Historical information

This Edison Ediphone voice recording electronic business machine is manufactured to suit a small office and is light enough to carry between work and home for use outside normal business hours. It is a dictation machine, also called by the competitor’s brand name ‘Dictaphone’, and is used for recording spoken words that would later be transcribed and typewritten.

A wax cylinder would be installed onto the machine’s drum and the Reproducer on the machine would be lowered onto the cylinder. The user would speak a message into a microphone and the reproducer would then convert the sounds to scribed marks on the cylinder. Later, the cylinder could be played and the Reproducer would enable the sound to be amplified through an attached speaker. This machine is currently without its power cord, microphone and speaker horn.

Thomas A. Edison extended the technology of the telegraph to his phonograph machine, invented in the late 19th century. It could record and play back sounds of music and voice on a manually operated mechanical machine that used wax cylinders to store the sound. He envisaged the way this technology could be an asset in the office, and he was right! However, most of his phonograph machines were used for entertainment, some for playing lessons, and some for-teaching languages.

In 1916 Edison introduced the Ediphone, which grew in popularity after the First World War and into the late 1920s until flat round records replaced the wax cylinders.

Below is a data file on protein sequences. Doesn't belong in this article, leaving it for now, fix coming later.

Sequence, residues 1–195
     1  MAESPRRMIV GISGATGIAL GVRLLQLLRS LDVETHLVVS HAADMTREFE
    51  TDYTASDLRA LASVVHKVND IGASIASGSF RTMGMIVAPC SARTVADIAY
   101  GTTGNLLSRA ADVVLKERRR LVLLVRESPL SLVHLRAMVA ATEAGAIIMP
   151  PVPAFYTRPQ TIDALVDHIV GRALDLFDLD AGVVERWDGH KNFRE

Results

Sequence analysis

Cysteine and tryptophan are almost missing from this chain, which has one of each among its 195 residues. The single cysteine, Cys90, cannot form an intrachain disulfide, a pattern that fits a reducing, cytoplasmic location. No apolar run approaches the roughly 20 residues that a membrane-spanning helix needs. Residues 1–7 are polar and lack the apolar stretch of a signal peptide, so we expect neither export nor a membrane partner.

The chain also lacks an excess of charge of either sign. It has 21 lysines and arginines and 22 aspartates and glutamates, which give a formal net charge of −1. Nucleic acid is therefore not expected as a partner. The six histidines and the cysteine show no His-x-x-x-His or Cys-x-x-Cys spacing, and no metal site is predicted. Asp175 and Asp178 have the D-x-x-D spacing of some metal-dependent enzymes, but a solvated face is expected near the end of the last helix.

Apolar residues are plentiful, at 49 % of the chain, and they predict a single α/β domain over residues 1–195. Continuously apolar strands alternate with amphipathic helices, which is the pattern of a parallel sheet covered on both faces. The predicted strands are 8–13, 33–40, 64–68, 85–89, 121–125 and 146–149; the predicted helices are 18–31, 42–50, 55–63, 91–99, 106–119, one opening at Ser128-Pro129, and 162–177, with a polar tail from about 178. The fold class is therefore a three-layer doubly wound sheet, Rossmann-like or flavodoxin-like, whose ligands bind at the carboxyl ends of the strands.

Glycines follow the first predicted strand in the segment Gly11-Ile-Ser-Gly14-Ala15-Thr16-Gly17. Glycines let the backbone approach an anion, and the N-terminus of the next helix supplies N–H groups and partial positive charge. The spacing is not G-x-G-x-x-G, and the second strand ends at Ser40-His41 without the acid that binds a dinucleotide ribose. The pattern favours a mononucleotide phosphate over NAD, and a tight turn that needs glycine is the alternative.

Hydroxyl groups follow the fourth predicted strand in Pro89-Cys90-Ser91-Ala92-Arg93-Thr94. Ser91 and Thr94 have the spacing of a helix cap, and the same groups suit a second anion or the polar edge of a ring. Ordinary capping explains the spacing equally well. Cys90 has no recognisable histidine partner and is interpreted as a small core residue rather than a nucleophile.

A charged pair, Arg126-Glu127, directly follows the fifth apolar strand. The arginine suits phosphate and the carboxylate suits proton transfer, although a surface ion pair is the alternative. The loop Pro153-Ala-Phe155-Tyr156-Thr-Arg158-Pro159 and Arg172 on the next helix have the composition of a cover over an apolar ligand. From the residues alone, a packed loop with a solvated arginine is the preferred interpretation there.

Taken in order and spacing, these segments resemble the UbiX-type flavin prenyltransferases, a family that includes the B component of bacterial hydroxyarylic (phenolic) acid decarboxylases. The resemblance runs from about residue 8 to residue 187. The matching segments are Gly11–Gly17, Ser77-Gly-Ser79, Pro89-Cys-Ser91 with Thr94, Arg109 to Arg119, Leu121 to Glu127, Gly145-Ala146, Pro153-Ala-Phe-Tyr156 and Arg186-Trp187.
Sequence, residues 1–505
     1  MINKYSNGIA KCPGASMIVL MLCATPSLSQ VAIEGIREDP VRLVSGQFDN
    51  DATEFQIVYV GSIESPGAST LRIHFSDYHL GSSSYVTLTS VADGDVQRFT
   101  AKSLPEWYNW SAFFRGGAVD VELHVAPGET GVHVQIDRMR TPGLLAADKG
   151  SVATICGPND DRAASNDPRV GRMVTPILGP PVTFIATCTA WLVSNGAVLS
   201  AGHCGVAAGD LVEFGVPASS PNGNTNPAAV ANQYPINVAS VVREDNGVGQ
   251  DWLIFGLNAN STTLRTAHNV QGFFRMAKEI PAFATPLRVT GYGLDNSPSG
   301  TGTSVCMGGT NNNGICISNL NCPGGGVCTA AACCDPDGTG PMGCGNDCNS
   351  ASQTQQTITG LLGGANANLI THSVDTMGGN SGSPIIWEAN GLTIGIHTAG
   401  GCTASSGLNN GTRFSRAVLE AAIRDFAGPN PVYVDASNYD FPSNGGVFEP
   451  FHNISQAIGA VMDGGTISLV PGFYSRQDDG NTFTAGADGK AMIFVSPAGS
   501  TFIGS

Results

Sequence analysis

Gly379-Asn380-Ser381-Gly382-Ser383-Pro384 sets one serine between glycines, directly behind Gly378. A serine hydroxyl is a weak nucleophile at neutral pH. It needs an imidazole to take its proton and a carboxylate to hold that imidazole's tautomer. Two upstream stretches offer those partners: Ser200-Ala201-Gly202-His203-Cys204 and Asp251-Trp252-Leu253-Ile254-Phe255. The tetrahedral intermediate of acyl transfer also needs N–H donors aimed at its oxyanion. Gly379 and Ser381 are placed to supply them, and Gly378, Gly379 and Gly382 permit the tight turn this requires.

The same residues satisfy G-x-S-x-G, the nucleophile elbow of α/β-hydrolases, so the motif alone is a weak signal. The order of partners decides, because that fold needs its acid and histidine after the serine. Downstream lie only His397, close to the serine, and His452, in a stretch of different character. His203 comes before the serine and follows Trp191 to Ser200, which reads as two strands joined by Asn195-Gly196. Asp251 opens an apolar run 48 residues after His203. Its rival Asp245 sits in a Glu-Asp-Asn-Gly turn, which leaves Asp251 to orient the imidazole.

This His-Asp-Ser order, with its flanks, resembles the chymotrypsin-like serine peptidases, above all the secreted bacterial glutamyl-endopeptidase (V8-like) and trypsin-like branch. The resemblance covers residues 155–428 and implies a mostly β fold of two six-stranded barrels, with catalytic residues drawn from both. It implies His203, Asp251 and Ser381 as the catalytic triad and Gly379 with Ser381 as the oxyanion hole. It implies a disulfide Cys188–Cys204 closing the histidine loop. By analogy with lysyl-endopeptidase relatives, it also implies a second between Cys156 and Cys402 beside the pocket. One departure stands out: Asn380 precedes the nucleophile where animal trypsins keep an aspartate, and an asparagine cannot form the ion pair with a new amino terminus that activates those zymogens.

This Edison Ediphone is significant for improving the way business administration was carried out in the early 20th century, freeing up precious time for professionals and administrative personnel. It was the forerunner of audio tapes and digital technology. The Ediphone enabled letters to be dictated when the time and place suited and reduced the time professionals needed to spend with their secretaries. Secretaries were able to type the letters as they played the recording and they could replay the message if necessary.

Physical description

Voice recorder; a dictation machine; desktop model Edison Ediphone. The electronic machine is in a medal case with remnants of the original grey colour. It has a rectangular base with an A4-sized footprint and a domed hood that retracts halfway into the back of the base. The corners of the base have metal reinforcing, and a short metal bar is on the front centre edge of the lid and the base. A long metal drum is mounted inside the machine. A round device called a ‘reproducer’ is mounted above the drum. There is a folding handle on the left front of the machine and an angled stand with paper guides in front of the drum. A rear cover has the maker’s name stamped on it. An electrical socket with eight pins is recessed beside the cover. Made by Edison.

Inscriptions & markings

In white letters; “EDISON”